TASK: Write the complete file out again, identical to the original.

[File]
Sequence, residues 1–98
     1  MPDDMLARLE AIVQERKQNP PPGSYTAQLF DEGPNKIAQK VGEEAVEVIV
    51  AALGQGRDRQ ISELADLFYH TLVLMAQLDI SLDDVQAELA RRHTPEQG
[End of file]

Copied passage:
Sequence, residues 1–98
     1  MPDDMLARLE AIVQERKQNP PPGSYTAQLF DEGPNKIAQK VGEEAVEVIV
    51  AALGQGRDRQ ISELADLFYH TLVLMAQLDI SLDDVQAELA RRHTPEQG